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Krista Vadaketh, Future Doctor

Tawny Sverdlin - November 11, 2019

Krista Vadaketh.

Krista Vadaketh (Rosemont ’16) attended Rosemont College from 2013-2016 and was a part of Drexel University College of Medicine’s 7-Year BA/MD Program. She was greatly involved in the Rosemont community and was valedictorian of her class. She is now in her final year at Drexel Med and is applying for residency in Internal Medicine with plans to pursue a fellowship in cardiology. 

Rosemont College: Looking back at your education at Rosemont College and in particular the biology and chemistry departments, how well prepared were you for medical school?

Krista Vadaketh: Rosemont provided me with an education that was customized to my career goals and equipped me with the skills that I needed to be successful in medical school and beyond! In terms of my educational experience, I felt that the classes I took at Rosemont were crucial to my academic success in medical school.

Immunology, molecular genetics, and biochemistry are some of the hardest classes in the medical school curriculum. However, these were all courses that I had taken during my time at Rosemont, which meant that I had a stronger foundation in these areas than most of my peers.

RC: What suggestions do you have for the current students who are interested in medical school?

KV: I would suggest getting as involved in as many extra-curricular activities as possible! Medical schools (and residency programs) love to see your interests and hobbies and how you have developed over time as an individual. Making time for extracurriculars can be hard with a heavy work load, but they are definitely rewarding and fun.

Great things to get involved with include volunteering experiences, sports, research, and clubs. During my time at Rosemont, I was involved in Adopt-A-Sis, Villanova University’s Nova Nassa Dance team, research with Dr. Skokotas, and Rosemont’s Pre-Health Club.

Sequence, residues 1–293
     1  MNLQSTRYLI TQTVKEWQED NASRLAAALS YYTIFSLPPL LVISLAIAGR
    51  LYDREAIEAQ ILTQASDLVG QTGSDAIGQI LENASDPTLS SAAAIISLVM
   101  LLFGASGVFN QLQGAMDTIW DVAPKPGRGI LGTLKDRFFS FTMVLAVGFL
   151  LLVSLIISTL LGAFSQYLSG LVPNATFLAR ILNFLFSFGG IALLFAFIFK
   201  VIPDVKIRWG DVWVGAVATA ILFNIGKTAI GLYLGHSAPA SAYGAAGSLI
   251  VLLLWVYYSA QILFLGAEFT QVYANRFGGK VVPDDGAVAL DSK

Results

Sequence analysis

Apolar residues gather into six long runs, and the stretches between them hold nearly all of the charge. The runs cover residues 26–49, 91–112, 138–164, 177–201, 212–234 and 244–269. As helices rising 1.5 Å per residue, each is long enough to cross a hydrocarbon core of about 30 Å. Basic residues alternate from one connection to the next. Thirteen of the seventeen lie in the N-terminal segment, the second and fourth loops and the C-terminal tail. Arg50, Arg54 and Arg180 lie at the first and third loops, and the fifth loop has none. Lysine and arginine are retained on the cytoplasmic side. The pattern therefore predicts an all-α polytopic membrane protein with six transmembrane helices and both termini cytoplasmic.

The small size of Rosemont allows you to have more opportunities for leadership positions, which are great skills to have when starting medical school. I still talk about a lot of these activities and passions of mine, even during my residency interviews! Being a part of all these organizations definitely molded me into who I am today.

RC: How helpful was the research experience conducted at Rosemont to you in medical school and beyond?

KV: I did research in Dr. Skokotas’ biology lab for two years and served as head research assistant for one year. This research experience was essential for developing both the technical and professional skills needed for medical school.

Dr. Skokotas was a phenomenal teacher – she explained a myriad of basic science laboratory skills and the research process as a whole, while giving us multiple opportunities to present our research at local conferences.

Research is a large part of medical school, and you often have to interview for these research positions. During these interviews, I was able to talk about the technical skills I gained in Dr. Skokotas’ lab, while also honing in on the public speaking skills I gained from all the conferences I presented at.